Some pro-football players are voicing their disapproval of the new NFL rule which requires them to wear thigh and knee pads- not only because of the discomfort, but because the pads are unfashionable.
Cleveland Browns' cornerback Joe Haden told the Akron Beacon Journal that he "wasn't a fan of it at all." He and several teammates said the pads restrict movement and just don't look good.
“It’s a fashion thing, too,” Haden said. “It looks cool, your pants all the way slick.”
Other NFLers like League MVP Adrian Peterson have dismissed vanity in the name of safety. "Guys like to be pretty, not wear the thigh pads and knee pads, but it protects you," he told NFL Evolution. "There have been plenty of times I got hit in my knee and when I had my pants pulled up too high and that pad wasn't there to protect it. It didn't feel good," he said.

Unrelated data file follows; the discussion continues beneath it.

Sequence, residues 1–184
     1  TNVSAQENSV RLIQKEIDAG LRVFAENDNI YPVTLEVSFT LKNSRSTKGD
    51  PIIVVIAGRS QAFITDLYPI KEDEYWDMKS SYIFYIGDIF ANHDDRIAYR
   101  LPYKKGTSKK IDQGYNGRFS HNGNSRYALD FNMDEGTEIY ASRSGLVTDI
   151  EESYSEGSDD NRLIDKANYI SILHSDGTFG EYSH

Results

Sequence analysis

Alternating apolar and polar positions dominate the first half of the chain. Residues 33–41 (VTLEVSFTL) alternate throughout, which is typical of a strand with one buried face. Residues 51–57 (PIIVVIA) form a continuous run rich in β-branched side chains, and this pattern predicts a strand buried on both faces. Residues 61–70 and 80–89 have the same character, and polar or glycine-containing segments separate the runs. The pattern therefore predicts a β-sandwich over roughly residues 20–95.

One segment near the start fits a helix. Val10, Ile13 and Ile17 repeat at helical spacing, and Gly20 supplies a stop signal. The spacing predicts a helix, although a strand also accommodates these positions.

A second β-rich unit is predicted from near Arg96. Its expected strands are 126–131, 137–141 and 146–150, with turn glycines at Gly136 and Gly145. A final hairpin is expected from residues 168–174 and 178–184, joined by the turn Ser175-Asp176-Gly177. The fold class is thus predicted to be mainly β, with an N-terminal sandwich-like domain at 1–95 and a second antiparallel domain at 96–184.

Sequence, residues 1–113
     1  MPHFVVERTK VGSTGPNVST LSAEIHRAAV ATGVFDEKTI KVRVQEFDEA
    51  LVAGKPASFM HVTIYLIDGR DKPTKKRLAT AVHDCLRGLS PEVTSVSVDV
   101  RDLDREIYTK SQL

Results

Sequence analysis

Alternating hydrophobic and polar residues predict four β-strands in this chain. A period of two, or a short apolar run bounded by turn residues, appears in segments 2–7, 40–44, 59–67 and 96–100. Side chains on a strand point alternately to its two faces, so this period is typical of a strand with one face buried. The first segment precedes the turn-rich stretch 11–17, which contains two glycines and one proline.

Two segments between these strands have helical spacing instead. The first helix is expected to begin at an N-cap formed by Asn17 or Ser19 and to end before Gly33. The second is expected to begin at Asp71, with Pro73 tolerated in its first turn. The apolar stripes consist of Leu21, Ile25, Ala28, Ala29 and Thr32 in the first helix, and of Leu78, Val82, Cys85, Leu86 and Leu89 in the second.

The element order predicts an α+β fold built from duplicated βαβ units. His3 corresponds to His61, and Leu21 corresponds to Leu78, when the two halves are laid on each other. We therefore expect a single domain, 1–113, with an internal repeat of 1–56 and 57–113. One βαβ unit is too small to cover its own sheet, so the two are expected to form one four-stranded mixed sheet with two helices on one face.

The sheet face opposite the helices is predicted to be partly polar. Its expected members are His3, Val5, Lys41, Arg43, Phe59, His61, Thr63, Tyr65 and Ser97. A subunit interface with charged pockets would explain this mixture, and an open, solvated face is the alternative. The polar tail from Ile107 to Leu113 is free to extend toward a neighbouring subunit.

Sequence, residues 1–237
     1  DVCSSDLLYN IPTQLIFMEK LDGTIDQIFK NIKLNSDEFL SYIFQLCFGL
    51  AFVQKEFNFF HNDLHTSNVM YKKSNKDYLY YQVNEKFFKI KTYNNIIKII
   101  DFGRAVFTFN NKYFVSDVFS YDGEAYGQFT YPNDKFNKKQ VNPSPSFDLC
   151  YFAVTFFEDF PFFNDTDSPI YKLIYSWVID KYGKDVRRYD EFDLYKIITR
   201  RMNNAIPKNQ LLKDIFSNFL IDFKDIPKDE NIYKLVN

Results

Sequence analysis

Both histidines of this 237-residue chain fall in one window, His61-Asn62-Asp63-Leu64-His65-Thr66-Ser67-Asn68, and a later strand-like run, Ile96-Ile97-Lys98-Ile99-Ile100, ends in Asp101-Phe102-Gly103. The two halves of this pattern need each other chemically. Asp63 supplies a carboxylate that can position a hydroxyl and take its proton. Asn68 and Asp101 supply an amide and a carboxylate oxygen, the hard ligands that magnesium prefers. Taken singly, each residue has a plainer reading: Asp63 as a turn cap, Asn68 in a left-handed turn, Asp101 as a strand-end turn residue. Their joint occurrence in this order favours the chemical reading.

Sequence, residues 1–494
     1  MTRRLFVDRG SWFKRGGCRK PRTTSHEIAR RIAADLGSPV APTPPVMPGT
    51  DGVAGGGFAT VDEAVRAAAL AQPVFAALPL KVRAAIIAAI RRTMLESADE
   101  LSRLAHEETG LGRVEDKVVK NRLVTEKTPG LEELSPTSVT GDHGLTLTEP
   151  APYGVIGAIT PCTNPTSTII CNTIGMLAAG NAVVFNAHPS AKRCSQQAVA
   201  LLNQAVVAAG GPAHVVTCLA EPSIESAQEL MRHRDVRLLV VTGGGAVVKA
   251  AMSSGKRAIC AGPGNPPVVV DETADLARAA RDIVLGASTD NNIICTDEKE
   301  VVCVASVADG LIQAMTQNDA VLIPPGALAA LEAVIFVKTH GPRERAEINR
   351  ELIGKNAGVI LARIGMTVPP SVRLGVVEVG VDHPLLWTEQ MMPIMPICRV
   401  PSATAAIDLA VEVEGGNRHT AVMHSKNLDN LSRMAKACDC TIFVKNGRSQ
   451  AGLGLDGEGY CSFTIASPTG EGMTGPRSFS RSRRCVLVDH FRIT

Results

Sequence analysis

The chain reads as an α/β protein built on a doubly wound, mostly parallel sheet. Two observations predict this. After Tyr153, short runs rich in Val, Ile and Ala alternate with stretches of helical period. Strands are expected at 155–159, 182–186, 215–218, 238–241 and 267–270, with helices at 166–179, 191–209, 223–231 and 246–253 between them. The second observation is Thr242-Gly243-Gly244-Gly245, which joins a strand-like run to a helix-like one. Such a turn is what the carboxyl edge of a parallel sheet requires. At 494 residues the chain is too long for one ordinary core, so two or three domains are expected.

Like Peterson, Haden and his teammates- all except the punters and kickers- will have to grit their fashion pride and strap on the extra pads at the preseason opener on Thursday.
The pads were mandatory in the NFL from 1979-1994. After the mid-90's they became optional and only about a third of players wore them.